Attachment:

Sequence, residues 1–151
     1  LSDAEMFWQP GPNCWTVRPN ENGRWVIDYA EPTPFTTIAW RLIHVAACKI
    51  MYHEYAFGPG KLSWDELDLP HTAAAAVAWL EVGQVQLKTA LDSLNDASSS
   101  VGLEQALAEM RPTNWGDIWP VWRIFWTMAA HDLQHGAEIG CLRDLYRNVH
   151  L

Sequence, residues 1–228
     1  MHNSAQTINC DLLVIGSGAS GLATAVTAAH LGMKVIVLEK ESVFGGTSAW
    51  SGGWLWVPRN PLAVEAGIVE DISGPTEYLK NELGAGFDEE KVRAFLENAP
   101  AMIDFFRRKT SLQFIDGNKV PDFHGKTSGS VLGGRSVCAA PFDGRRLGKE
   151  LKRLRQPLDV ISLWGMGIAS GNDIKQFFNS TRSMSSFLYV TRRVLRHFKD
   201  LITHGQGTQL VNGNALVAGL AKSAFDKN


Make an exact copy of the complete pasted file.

Sequence, residues 1–151
     1  LSDAEMFWQP GPNCWTVRPN ENGRWVIDYA EPTPFTTIAW RLIHVAACKI
    51  MYHEYAFGPG KLSWDELDLP HTAAAAVAWL EVGQVQLKTA LDSLNDASSS
   101  VGLEQALAEM RPTNWGDIWP VWRIFWTMAA HDLQHGAEIG CLRDLYRNVH
   151  L

Sequence, residues 1–228
     1  MHNSAQTINC DLLVIGSGAS GLATAVTAAH LGMKVIVLEK ESVFGGTSAW
    51  SGGWLWVPRN PLAVEAGIVE DISGPTEYLK NELGAGFDEE KVRAFLENAP
   101  AMIDFFRRKT SLQFIDGNKV PDFHGKTSGS VLGGRSVCAA PFDGRRLGKE
   151  LKRLRQPLDV ISLWGMGIAS GNDIKQFFNS TRSMSSFLYV TRRVLRHFKD
   201  LITHGQGTQL VNGNALVAGL AKSAFDKN